8What are the Six Minimum Control Measures? Public education and outreach on storm water impacts;Public participation/involvement;Illicit discharge detection and elimination;Construction site storm water runoff control;Post-construction storm water management in new development/redevelopment; andPollution prevent/good housekeeping.The SWMP must include best management practices for each of six minimum control measures. These BMPs must include measurable goals as well as an implementation schedule.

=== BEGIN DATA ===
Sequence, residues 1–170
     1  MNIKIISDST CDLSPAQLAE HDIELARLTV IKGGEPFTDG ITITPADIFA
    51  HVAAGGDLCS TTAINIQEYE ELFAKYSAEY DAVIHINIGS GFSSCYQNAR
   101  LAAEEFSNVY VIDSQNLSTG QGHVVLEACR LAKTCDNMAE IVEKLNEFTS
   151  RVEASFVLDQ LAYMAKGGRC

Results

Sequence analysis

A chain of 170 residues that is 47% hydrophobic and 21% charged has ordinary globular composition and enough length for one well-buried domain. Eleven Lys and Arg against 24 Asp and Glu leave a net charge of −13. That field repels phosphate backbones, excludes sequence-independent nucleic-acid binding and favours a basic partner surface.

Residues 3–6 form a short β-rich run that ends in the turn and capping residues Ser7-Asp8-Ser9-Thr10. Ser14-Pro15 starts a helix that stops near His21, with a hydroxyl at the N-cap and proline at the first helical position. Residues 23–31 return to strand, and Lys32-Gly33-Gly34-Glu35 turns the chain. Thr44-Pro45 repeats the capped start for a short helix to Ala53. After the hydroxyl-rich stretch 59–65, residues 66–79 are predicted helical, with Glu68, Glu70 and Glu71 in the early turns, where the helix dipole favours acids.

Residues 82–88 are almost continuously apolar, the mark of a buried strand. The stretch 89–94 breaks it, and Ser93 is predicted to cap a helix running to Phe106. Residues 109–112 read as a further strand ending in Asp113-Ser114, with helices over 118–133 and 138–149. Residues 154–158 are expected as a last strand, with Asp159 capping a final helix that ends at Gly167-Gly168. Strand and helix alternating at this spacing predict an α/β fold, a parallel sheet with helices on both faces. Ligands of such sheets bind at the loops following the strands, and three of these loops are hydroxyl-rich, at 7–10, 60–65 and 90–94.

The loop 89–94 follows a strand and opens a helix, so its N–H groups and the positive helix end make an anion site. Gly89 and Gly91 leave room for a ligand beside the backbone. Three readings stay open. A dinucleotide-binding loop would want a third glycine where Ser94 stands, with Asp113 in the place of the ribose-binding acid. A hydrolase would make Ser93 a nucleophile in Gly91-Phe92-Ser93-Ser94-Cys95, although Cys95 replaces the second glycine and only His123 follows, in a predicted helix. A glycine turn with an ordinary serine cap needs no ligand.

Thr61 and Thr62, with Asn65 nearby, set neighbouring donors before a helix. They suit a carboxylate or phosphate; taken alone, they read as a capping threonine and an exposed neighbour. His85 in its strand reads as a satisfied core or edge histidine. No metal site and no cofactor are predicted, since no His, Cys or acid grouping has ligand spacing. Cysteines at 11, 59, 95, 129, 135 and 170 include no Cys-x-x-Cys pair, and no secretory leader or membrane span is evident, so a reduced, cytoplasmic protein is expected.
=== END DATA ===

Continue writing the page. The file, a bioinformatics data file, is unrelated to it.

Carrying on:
9Public Education/Involvement Business Education ProgramDevelop and distribute storm water quality educational materialsAdd storm water educational information to District websiteStudent educationPublic InvolvementPublic Input SessionsStorm Water Management PresentationsThrough public education, residents gain an understanding of how their actions affect storm water quality and become more informed about storm water quality issues in their community. When citizens understand that poor water quality can result from common everyday activities, a major source of pollutants in storm water can be voluntarily eliminated. The District has committed to the following BMPs:Development of a Business Education Program for area businesses that will assist the business in minimizing pollution. The District will evaluate developing specific guidelines certain types of businesses with higher pollution potential by developing a Clean Water Business Partner Program with businesses that have a higher pollution potential.Fort Bend MUD No. 25 will develop and distribute printed materials on lawn and garden management, proper handling of household hazardous waste, pet waste, littering, commercial storm water impacts, waste management, and other storm water quality-related issues. This information may be distributed in the newsletter, bill inserts, or in new resident packages.Fort Bend MUD No. 25 will use the District website to inform the public about the SWMP. The website will include information about non-point source (NPS) pollution and the impact that NPS pollution has on water quality. The web page will include general storm water quality information, as well as topics of interest to the general public such as litter control and proper management of pesticides, fertilizer, used oil, ad household hazardous waste.The District will continue to sponsor an annual water quality and calendar contest through Macario Middle School and to provide resident calendars of the winners’ artwork to area schools. The District will also continue to provide additional book covers on specific storm water related issues to area schools.Familiarizing the Board of Directors, staff, the regulated community, and the public on the requirements of the program will facilitate implementation of the SWMP. Public presentations will be available upon request.